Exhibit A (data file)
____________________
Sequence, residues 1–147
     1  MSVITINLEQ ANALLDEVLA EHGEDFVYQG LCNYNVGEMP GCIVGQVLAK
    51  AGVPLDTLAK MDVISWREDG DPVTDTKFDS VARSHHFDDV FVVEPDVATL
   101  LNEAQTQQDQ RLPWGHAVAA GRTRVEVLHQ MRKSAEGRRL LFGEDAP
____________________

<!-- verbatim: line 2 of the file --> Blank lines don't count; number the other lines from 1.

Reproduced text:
     1  MSVITINLEQ ANALLDEVLA EHGEDFVYQG LCNYNVGEMP GCIVGQVLAK